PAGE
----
lnbackup can save your day, if you use bootable mirrors. In that case you can simply boot the backup disk in case when master disk fails. We use lnbackup this way on almost all servers we maintain.

Bootable mirrors work in this way:

  1. Normal backup is done the same way as without bootable mirror.

  2. After normal backup is done, last backup is copied into the root of the backup device. Then /etc/fstab on the backup device is generated.

  3. Finally, unless given backup has key :skip_lilo set to true value, lilo is called to make backup disk bootable.

The key :skip_lilo comes in handy when you use boot loader such as grub which doesn't need to be updated each time when location of kernel image, initramdisk, etc. is chanded. With grub it is enough to make the backup disk bootable only once -- when you setup lnbackup for the first time.


lnbackup supports encrypted backups via loop, cryptoloop and cipher (e.g. aes) kernel modules.

Encrypted backup devices cannot be used as bootable mirrors.

Configuration fragment for encrypted backups might look like this (file 00crypto).

|   {
|       :crypto => 'aes256',
|       :password => 'somelongpassphrase',
|   }
This configuration fragment says, that kernel cipher aes256 will be used (must be present in running kernel in the time of backup) and gives the passhprase for the cipher.


Lnbackup can be configured to locate backup disk using ext3 filesystem labels or UUIDs.

You can use tune2fs to label filesystems. E.g. to label filesystem /dev/sdb1 with label BACKUP run the following command: tune2fs -L BACKUP /dev/sdb1.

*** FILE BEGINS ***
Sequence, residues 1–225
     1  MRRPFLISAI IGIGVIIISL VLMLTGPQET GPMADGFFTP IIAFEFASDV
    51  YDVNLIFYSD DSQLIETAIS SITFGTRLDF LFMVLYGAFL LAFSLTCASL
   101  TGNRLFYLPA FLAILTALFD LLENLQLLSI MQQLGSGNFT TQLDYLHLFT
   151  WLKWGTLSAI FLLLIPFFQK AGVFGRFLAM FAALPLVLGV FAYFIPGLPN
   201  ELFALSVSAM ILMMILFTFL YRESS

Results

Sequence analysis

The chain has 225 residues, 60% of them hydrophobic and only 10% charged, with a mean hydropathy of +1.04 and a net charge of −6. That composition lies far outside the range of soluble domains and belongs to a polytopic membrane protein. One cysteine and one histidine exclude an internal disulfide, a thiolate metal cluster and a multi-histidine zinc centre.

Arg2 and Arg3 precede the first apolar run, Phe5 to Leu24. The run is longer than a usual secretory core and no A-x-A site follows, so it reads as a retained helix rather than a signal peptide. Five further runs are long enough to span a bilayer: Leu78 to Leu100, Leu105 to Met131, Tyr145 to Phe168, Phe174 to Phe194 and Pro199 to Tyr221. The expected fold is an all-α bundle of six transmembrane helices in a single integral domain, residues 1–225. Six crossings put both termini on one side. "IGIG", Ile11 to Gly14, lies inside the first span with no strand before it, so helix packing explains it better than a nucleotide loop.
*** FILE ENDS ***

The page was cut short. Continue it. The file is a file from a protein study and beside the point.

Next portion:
Example configuration for using filesystem labels. /etc/lnbackup.d/00global

|      {
|        :device      => '/dev/sd[c-z]*1',
|        :disk        => '/dev/sd[c-z]*',
|        :mount_point => '/mnt/backup',
|        :files_reserved  => '0%',
|        :blocks_reserved => '0%',
|      }
|      {
|        :localhost => {
|          :dirs => [ { :dir => '/', :fs_type => :single, 
|                       :exclude => [ 'tmp/.', 'backup/.' ] } ]
|          :device_label => 'BACKUP_SW_.*',
|        },
|      }

CAUTION: It is not currently possible to use encrypted backup together with labels.


Configuration files in /etc/lnbackup.d/.

Czech manual is also available. See lnbackup-manual.cz.txt located in /usr/share/doc/lnbackup-ng/.


This manual page was written by Martin Povolny (). Permission is granted to copy, distribute and/or modify this document under the terms of the GNU Free Documentation License, Version 1.1 or any later version published by the Free Software Foundation; with no Invariant Sections, no Front-Cover Texts and no Back-Cover Texts.